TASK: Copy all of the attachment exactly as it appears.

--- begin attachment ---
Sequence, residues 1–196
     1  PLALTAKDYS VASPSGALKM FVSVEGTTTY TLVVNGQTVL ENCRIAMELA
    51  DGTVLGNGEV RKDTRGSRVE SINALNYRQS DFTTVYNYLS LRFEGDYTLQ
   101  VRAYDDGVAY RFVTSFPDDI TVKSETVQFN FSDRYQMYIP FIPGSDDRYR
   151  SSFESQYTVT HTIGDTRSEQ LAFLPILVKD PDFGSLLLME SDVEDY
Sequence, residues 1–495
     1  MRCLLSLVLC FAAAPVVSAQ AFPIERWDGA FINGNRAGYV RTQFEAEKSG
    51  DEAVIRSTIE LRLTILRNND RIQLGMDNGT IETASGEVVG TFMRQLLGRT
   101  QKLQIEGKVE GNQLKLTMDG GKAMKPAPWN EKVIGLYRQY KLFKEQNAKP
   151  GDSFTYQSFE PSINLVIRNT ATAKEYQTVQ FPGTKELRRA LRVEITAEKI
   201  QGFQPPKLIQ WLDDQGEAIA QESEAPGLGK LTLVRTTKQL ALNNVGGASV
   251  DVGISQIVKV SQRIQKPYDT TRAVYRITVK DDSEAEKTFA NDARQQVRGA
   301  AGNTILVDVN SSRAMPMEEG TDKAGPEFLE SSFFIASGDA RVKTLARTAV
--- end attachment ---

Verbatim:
Sequence, residues 1–196
     1  PLALTAKDYS VASPSGALKM FVSVEGTTTY TLVVNGQTVL ENCRIAMELA
    51  DGTVLGNGEV RKDTRGSRVE SINALNYRQS DFTTVYNYLS LRFEGDYTLQ
   101  VRAYDDGVAY RFVTSFPDDI TVKSETVQFN FSDRYQMYIP FIPGSDDRYR
   151  SSFESQYTVT HTIGDTRSEQ LAFLPILVKD PDFGSLLLME SDVEDY
Sequence, residues 1–495
     1  MRCLLSLVLC FAAAPVVSAQ AFPIERWDGA FINGNRAGYV RTQFEAEKSG
    51  DEAVIRSTIE LRLTILRNND RIQLGMDNGT IETASGEVVG TFMRQLLGRT
   101  QKLQIEGKVE GNQLKLTMDG GKAMKPAPWN EKVIGLYRQY KLFKEQNAKP
   151  GDSFTYQSFE PSINLVIRNT ATAKEYQTVQ FPGTKELRRA LRVEITAEKI
   201  QGFQPPKLIQ WLDDQGEAIA QESEAPGLGK LTLVRTTKQL ALNNVGGASV
   251  DVGISQIVKV SQRIQKPYDT TRAVYRITVK DDSEAEKTFA NDARQQVRGA
   301  AGNTILVDVN SSRAMPMEEG TDKAGPEFLE SSFFIASGDA RVKTLARTAV